The Founding Fathers Aren’t White Anymore | Hamilton & Baldwin

Certain white people like to bitch about identity politics. There are elements of this argument that I understand, and partially agree with. But if we’re going to discard identity politics white people should go first.

Last weekend I saw “I am Not Your Negro” a documentary film based on the words of James Baldwin. You should go see it. It helped me formulate some ideas I’ve been mulling over since listening to the soundtrack to the Hamilton musical. If you voted for Clinton, the chances are higher you know all about Hamilton. If you voted for Trump you may have no idea what I’m talking about it. The video does a fairly good job of explaining the phenomenon.

What follows is another white guy pontificating on race relations. Feel free to avoid it.

I believe that the United States could have a post-racial future. As James Baldwin says in the video above, we can forge a new identity on this continent. Many would argue that we already have. Most of my college professors held that the concept of “Whiteness” as currently practiced in this country is a wholly American invention. This was always served with heaping mouthfuls of Marxist interpretations of labor relations, so I’m not sure I’m completely on board. But I’ll eagerly concede that “White” and “Black” are slippery definitions. Italians weren’t necessarily seen as white 100 years ago, and the Irish weren’t 50 years before that.

Some would argue that the definition of “Whiteness” requires an “Other” to use as contrast. In this view the Italians and Irish assimilation to US whiteness relied upon the out group of African Americans to look down on. I’m not sure I buy that. But I’m happy to retire the concept of whiteness entirely. If the 20th century was the story of the color line, why not let the 21st century be the story of its disposal?

Accession to white privilege used to be the sign of successful assimilation. We can do better. Here’s a standard white privilege line: “What’s with all the hyphenations!? Why can’t we just be Americans!?” I’m actually kind of sympathetic to that, not that it’s my business how folks define themselves. Most people pushing that line, however, would probably take issue with the video above. In particular the fact that the only white guys in Star Wars movies seem to be the bad guys nowadays has been a real sticking point for a lot of white people. There seems to be a growing movement for “White Rights”.

Leaving aside about a million other objections to that idea, it strikes me as the wrong strategy. If you’ve got a problem with “identity politics”, jumping on the bandwagon is exactly the wrong way to go about opposing it. If you’re interested in a color-blind “American” identity, then you should be celebrating the de-whiting of our national mythology. An “American” identity should be built on our civic culture and history. To do that well, we need to make that culture and history as accessible as possible.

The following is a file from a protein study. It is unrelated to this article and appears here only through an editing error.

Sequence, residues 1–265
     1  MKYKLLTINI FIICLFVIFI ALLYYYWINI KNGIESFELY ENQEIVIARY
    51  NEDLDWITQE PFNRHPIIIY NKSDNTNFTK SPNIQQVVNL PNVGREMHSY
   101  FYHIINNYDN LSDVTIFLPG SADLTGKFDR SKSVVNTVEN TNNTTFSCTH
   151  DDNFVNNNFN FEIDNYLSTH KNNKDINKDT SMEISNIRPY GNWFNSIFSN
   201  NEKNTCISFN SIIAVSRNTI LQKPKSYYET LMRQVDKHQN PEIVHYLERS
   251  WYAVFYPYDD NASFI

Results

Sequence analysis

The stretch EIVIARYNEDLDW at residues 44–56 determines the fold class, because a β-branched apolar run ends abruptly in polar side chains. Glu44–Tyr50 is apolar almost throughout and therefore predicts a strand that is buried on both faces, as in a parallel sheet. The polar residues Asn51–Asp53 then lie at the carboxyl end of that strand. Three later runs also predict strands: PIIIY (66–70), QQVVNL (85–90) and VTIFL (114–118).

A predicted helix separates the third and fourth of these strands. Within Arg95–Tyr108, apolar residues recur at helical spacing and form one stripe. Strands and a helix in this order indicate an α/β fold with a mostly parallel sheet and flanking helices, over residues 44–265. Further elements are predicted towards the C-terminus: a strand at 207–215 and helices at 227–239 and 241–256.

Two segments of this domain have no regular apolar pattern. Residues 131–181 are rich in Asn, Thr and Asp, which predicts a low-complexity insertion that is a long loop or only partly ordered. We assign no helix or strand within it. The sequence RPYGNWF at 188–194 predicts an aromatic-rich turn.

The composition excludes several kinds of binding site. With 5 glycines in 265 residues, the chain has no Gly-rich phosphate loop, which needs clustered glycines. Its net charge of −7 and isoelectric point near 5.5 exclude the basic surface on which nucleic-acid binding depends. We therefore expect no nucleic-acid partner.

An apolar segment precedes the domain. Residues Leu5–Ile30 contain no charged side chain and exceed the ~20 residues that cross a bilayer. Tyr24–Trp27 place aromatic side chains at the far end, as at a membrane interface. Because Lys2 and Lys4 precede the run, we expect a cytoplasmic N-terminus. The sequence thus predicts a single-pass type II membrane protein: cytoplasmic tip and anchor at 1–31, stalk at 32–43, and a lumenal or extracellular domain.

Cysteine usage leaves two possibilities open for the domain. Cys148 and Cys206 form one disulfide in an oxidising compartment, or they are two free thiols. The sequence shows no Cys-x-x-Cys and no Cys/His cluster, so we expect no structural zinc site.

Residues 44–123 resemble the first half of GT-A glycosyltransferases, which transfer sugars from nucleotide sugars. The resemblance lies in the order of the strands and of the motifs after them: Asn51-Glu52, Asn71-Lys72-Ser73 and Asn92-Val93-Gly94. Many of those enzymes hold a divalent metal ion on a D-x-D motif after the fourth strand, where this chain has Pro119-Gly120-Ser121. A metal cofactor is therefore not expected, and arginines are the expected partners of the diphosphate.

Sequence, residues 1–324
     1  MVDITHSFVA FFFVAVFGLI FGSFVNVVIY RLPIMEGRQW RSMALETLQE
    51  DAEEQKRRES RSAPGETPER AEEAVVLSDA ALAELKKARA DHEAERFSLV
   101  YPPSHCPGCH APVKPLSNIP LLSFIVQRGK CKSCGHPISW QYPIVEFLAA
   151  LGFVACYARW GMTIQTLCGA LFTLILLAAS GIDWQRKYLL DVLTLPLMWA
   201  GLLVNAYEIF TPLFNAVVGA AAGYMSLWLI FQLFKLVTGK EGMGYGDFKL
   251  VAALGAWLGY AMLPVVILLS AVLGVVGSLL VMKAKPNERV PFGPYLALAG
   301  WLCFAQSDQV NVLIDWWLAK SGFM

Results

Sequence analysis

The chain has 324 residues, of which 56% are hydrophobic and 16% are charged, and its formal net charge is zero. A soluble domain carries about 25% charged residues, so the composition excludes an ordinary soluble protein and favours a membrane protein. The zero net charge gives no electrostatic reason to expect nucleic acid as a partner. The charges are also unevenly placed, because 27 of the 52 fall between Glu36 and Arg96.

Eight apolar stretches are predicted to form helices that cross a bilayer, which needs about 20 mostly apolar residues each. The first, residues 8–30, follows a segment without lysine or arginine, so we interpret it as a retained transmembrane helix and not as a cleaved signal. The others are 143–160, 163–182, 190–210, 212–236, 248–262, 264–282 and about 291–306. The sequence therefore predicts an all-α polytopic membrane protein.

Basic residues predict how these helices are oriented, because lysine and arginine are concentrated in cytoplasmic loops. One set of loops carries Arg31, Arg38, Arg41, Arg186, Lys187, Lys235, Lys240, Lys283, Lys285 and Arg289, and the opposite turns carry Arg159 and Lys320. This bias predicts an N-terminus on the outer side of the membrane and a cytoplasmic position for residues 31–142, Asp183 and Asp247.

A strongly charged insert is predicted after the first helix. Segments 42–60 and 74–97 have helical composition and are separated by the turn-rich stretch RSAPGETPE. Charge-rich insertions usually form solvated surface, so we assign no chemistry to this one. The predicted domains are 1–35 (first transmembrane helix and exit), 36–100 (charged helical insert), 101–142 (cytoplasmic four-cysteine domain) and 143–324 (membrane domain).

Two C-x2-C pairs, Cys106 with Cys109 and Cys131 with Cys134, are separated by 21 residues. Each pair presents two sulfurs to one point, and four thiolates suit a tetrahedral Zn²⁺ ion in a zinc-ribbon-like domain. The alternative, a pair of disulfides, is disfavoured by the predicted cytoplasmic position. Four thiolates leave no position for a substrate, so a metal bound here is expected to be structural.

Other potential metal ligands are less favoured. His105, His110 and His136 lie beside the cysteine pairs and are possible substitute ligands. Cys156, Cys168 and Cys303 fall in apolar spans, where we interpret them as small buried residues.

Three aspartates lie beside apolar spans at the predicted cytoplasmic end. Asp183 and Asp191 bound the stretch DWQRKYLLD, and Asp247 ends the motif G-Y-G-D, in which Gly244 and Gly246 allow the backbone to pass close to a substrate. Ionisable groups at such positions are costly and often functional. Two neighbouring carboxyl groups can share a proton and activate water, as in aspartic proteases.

US history has never just been about folks from Europe. Paler folks were in the drivers seat for a lot of it. But people of color were making contributions every step of the way, and not just involuntarily. We need to do a better job of highlighting that fact. “Hidden Figures” my pick for the year’s best film, does an excellent job of just that. It surfaces the true story of African American women who contributed to the engineering of the space race. It’s also a lot of fun. These uses of history are to be applauded, and we need more of them.

I take history very seriously, I’m a big fan of Western Civilization and I’m also a committed Anglophile. The details of the ideas and culture that shaped the Founding Fathers are incredibly important. We should never lose sight of those things. But it’s also important to recognize that our sense of the American Founding isn’t completely accurate at the expert level either. 150-odd years of US friendship with the UK has probably over-emphasized the example of the British system in our study of law and government. Examples like Switzerland and an array of Southern European republics were more important to the Founders than is currently recognized. It doesn’t make sense to be sticklers for a particular expert vision of the Founding Fathers, because it’s not “perfect” either. History is always incomplete.

History nerds like me will always be playing in this toolbox, and that’s great. But US history isn’t just history. It’s also myth, renewed and changed with every generation. On the popular level, things like “European Heritage” and “Judeo-Christian Tradition” are over-emphasized. Lincoln saw these United States as the “last, best hope of Earth”, not the last best hope of white Christian dudes.